The pandemic created a greater dependence on edtech tools among educators and students than we’ve ever seen before. Sure, there were headaches and resistance from students and teachers alike who felt forced to adapt to these new technologies. However, edtech is here to stay, but it’s evolving.
Time and time again in previous interviews with District Administration, K12 technology experts tell us that they depend on edtech tools to support and enhance learning without replacing the role of the classroom teacher. And that’s exactly what teachers and administrators now recognize, according to a new report from learning edtech company Clever.
The researchers surveyed 1,500 teachers and administrators to gain a better understanding of the latest trends surrounding edtech use in schools while also capturing their thoughts and feelings toward certain tools. The findings may serve as a blueprint for administrators looking to modernize their classrooms in 2023 and beyond. Here are the five most impactful trends shaping K12 education and technology that you need to know.
Teachers and administrators cherish edtech
Despite initial resistance against edtech during the pandemic, such technology continues to play an integral role in classroom instruction. For instance, 65% of administrators report an increase in the number of edtech tools being leveraged in their district.
“What started as a solution for virtual learning has become an indispensable element of classroom instruction,” the report reads. “As the use of edtech continues to rise, these tools are playing an evergreen role in shaping teaching and learning.”
Additionally, nearly 90% of administrators report “sustained or more positive” attitudes among students toward edtech over the past year. And according to teachers, gamified applications emerged as the top tool for student engagement.
Similar to the previous finding, there was substantial pushback from educators against AI as they considered whether such technology has a place in the classroom. But despite fears surrounding academic dishonesty and plagiarism, the consensus is that AI will have a significant impact on K12 education.
Seventy-eight percent of administrators said ChatGPT will have a moderate or significant impact on teaching and learning compared to 89% of teachers. Most notably, administrators (77%) are more familiar with the tool than teachers (40%). As such, administrators (41%) are they’re less worried about AI’s impact on K12 education than teachers (55%).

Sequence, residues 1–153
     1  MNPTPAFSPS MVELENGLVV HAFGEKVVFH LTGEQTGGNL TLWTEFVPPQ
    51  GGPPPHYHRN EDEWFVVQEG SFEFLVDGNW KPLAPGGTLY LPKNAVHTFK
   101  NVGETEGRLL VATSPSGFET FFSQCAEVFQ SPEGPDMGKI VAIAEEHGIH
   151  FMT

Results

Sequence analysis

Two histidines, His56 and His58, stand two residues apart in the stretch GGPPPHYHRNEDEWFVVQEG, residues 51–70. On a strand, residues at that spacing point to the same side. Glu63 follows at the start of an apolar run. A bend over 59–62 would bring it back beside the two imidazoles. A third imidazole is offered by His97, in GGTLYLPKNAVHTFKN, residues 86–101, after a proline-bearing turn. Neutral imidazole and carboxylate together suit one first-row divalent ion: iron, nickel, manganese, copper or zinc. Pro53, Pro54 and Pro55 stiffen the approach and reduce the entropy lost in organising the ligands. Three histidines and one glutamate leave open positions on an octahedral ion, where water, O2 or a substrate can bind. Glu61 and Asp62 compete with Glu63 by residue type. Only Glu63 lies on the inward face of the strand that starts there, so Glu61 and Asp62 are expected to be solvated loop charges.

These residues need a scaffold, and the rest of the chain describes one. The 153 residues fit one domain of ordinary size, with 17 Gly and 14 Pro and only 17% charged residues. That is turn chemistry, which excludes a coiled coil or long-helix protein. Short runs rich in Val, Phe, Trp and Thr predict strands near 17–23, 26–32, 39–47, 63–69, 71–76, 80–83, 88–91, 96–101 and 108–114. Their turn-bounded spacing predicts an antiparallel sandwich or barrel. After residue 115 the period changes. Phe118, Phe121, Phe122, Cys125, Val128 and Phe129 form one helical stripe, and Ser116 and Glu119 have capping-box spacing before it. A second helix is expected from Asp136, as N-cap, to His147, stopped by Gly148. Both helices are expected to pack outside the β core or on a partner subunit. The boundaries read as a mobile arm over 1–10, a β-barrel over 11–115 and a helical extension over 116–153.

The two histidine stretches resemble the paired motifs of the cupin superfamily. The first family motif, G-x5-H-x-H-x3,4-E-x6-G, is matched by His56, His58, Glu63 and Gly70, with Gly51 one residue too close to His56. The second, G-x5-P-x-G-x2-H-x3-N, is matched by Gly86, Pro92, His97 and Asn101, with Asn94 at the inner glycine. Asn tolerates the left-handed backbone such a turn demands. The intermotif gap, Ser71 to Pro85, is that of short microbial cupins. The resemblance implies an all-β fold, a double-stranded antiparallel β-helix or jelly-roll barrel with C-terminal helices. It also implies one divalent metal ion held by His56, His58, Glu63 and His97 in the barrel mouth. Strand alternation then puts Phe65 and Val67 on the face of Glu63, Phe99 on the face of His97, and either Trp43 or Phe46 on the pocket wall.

Barriers to AI adoption
Although administrators and educators have recognized AI’s impact on education, districts have been slow to welcome the technology in their schools.
The vast majority of administrators have yet to offer any sort of AI-related training for teachers. For instance, 89% of districts aren’t offering professional development and 96% of teachers haven’t received any training.
Similarly, edtech vendors are approaching the adoption of such technology with caution while 39% of vendors say AI is shaping their product roadmap.
“We are taking a careful approach to classroom AI, with student safety the priority,” said Tommy Day, senior product manager at Khan Academy in the report. “Thoughtful integration requires guardrails to minimize risks and maintain trust—core to our brand as we explore new technologies like AI.”
Leveraging edtech to reduce workloads
The findings point to an increased potential in edtech to reduce burnout and provide teachers with time to focus on their primary task: student learning.
Sixty-eight percent of teachers believe that edtech makes them more efficient. Furthermore, 74% of administrators think this is what drives edtech use among educators.
“Teachers and administrators largely agree that edtech has significantly streamlined their work and made their jobs more manageable, allowing them to focus on what’s most impactful—learning in the classroom,” the report reads. “This supports existing data demonstrating that edtech has the potential to increase what teachers are able to accomplish with their students.”
Supporting diverse learners
Both teachers and administrators understand the need to support students with IEPs or 504 plans through edtech. However, there’s concern among both groups surrounding their ability to do so.
For instance, 70% of teachers and 51% of administrators said they want more edtech support for diverse learners. Additionally, 56% of teachers and 59% of administrators said they’re more concerned about the availability of products that can adequately support such students.
Similarly, respondents reported a growing need for accessible and personalized education. Edtech tools that promote self-paced and skill-based learning are among the most valued among educators for their ability to enhance student learning experiences.
“Teachers are the pilots of the classroom,” said Matthew Feldmann, VP of product at MIND Research Insitute in the report. “Right now, we’re asking them to both build the plane and fly it—an immense task. Our job is to make their lives easier by co-designing and building the tools they want to help students learn more effectively.”